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  1. #21
    MembersZone Subscriber
    Join Date
    Feb 2003


    Allow me to propose a different point of view from the fire chief's perspective.

    Every day I have enthusiastic firefighters bouncing into my office proposing new ideas. Many of these ideas are pretty far fetched. Some are not workable for various safety, financial, logistic, time, or other reasons. Many of the proposals are simply far more trouble than they are worth. Some actually conflict with yesterday's group of proposals. There is simply no way I can honor these multitude of requests.

    Like you, these firefighters are convinced their project is the next BBD (bigger, better deal). They are sometimes put out that the chief isn't interested. Some take it personal. So, how do you get the chief to really listen to your idea?

    The firefighter who gets the most attention is the one who makes arrangements to see me when I'm not snowed under with budget problems or when I have a meeting in ten minutes I'm trying to prepare for. My recommendation is that you make an appointment to see your chief at a specific time. When you arrive, spell out the problem as you see it and then the solution. Show your costs, mounting bracket ideas, diagrams, etc. Wrap up by addressing any questions you might anticipate such as cab impact, security, or ease of access. If you can play a good salesman, end the presentation by listing all the advantages of your idea. Then ask the chief if he has any questions you can answer. Make it obvious that you defer to him as the final authority. This removes the "I better put my foot down because I'm the chief" response that often occurs.

    Even if the answer is "no", thank the chief for his time and offer to assist with any other projects which may arrive in the future. Leave the info with the chief. He may change his mind after discussing it with other officers. Should you receive a firm "no" answer then accept it, drop the issue, and move on. Life and bosses are full of "no".

    I hope this helps! Good luck.
    Last edited by dragenrider; 09-19-2006 at 05:15 PM.

  2. #22
    Forum Member Dave1983's Avatar
    Join Date
    Oct 2003
    Gator Country


    Quote Originally Posted by DrParasite
    I know this is off topic, but wouldn't it be the other way around? have the irons and can on the officer side (as they do inside supervised by the officer), while the OV and roof guy operate under the driver's "supervision." or do you operate differently?
    With the exception of the knob (which is determined by which side of the rig the fires on), we have no seat "assignments" for tools/equipment or tasks. Who grabs what and what task you are assigned is determined by staffing, when you arrive and what the CO determines they need/want.

    If a first in rig has 4, the jumpseat FF who doesnt have the knob grabs the irons. If we have 3, the CO will grab the irons. This would all change if your 2nd or 3rd due. A 3rd due may need to bring hooks in, 2nd due the PPV.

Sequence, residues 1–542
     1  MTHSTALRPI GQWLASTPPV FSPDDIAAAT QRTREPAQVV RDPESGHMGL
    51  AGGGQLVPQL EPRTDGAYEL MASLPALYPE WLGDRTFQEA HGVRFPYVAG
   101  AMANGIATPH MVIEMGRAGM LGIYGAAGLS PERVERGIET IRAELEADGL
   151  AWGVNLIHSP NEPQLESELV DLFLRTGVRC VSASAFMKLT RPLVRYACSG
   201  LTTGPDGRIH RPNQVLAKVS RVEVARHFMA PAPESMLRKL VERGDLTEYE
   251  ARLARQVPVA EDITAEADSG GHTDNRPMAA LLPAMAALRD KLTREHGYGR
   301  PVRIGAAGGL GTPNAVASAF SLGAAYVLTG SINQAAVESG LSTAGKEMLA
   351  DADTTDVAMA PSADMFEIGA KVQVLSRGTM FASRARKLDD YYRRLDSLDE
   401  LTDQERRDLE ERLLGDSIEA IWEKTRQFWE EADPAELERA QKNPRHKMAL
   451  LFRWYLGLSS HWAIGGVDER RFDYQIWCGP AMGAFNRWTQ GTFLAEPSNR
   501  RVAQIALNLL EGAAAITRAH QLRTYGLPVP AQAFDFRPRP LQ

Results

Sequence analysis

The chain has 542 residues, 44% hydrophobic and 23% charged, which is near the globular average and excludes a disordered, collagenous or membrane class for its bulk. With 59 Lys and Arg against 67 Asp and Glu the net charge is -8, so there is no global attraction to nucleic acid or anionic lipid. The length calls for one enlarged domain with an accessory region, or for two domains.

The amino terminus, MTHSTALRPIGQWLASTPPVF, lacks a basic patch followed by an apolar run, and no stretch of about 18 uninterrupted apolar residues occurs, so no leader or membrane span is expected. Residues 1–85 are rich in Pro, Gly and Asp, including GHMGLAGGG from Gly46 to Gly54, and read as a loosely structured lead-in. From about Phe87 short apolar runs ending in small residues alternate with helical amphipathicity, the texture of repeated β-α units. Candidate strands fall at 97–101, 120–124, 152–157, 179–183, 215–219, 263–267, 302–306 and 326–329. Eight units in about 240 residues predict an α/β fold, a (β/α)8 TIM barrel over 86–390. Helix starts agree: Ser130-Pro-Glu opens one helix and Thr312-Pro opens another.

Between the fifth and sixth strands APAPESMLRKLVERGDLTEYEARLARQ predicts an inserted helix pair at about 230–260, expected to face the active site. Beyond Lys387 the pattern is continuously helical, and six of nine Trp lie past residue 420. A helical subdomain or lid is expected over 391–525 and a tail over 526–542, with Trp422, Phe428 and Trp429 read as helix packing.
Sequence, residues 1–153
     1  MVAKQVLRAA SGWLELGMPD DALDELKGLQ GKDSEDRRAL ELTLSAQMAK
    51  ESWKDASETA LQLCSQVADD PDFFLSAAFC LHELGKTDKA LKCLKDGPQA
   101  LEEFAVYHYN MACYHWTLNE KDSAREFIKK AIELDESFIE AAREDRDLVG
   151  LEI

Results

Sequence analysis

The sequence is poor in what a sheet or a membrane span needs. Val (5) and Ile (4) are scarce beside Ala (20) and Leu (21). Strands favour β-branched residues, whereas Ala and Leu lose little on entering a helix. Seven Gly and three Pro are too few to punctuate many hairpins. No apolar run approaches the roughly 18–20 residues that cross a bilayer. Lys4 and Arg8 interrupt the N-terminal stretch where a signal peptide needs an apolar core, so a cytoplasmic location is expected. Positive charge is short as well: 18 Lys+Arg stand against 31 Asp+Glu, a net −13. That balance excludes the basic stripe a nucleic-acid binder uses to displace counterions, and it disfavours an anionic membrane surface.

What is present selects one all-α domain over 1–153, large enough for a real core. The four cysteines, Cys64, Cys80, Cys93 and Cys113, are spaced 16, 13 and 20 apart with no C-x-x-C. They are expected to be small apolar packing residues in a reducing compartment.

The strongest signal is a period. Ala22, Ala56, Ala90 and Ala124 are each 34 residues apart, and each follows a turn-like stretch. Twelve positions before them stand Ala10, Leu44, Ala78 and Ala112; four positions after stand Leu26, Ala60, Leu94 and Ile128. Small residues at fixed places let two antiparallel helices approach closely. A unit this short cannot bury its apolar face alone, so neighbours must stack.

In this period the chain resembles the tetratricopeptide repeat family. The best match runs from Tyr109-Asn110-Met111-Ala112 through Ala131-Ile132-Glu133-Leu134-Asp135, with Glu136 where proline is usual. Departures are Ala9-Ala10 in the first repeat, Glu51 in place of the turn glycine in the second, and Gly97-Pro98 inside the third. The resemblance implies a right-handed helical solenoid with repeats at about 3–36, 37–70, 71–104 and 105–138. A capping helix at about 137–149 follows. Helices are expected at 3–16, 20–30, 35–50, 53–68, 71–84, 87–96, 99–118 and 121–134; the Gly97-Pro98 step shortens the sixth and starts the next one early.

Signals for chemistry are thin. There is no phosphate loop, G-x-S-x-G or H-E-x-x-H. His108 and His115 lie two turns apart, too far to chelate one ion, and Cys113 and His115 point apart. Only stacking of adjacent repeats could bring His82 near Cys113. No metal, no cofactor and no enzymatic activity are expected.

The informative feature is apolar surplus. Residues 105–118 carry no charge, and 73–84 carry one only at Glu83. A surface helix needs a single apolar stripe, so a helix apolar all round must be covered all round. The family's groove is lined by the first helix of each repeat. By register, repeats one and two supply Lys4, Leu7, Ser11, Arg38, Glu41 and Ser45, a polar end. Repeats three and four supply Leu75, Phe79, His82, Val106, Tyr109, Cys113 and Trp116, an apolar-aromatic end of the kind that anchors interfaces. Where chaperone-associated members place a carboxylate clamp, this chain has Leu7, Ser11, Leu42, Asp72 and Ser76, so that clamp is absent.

We dont have FFs climbing off the rig and grabing the same tools or doing the same job on every call .
    Fire Marshal/Safety Officer


    "No his mind is not for rent, to any god or government"
    RUSH-Tom Sawyer

    Success is when skill meets opportunity
    Failure is when fantasy meets reality

  3. #23
    Forum Member bfranse's Avatar
    Join Date
    Oct 2005

    Default What about the other half?

    [QUOTE=JTFIRE80] We do get 8 guys on the trucks fairly often, then only get one more truck out. I said you take 2 seats out, make them 6 man cabs, get an additional apparatus out, which IMO seems logical. Not to the Chief though. QUOTE]

    Maybe you can "sell" half of your idea to the Chief. If your Dept. has enough qualified operators enact or change your operational policies so that you can get that second apparatus out the door. I have no idea what will work for your Dept, Splitting the 8 responding between the two rigs that you need to roll IMO seems simple. Taking into consideration almost nothing is a simple as it seems. Pre determine a minimum that can be split. It will take some trial and error to get the result you are looking for. A few of the selling points could be the safety considerations for having a reserve pumper on scene along with the extra equipment carried on it in the event of a failure. Having the ability to position the second in pumper at the rear of a structure, at the hydrant or end of a long drive way for water supply, or at a distance from an MVA to start slowing traffic or block a road outright.
    We're not spliting rocket hairs here people!

    Training is like building a pyramid, if you want it to last, you don't built it pointy side down!

  4. #24
    Forum Member
    Join Date
    Nov 2006


    we have one truck with tools in the cab and i love it

  5. #25
    MembersZone Subscriber
    Join Date
    Jan 2007


    We keep TIC's, Large area search bags, Irons, and usually a closet hook in our apparatus. Several members have spent many hours laying out new equipment layouts on our engines, and are currently working on our Rescue squad. We want to get the maximum use out of the available space on the apparatus without hindering FF maneuverability and safety. I am all for mounting tools inside the cab as long as it is safe!

  6. #26
    Forum Member
    Join Date
    Jan 2006
    State of East Greenbush ny


    we have a tic 4 lights amd 3 portables 2 extra tic batteries

  7. #27
    Forum Member
    Join Date
    Mar 2007


    Last edited by 5alarmcooker; 03-17-2008 at 07:53 PM.

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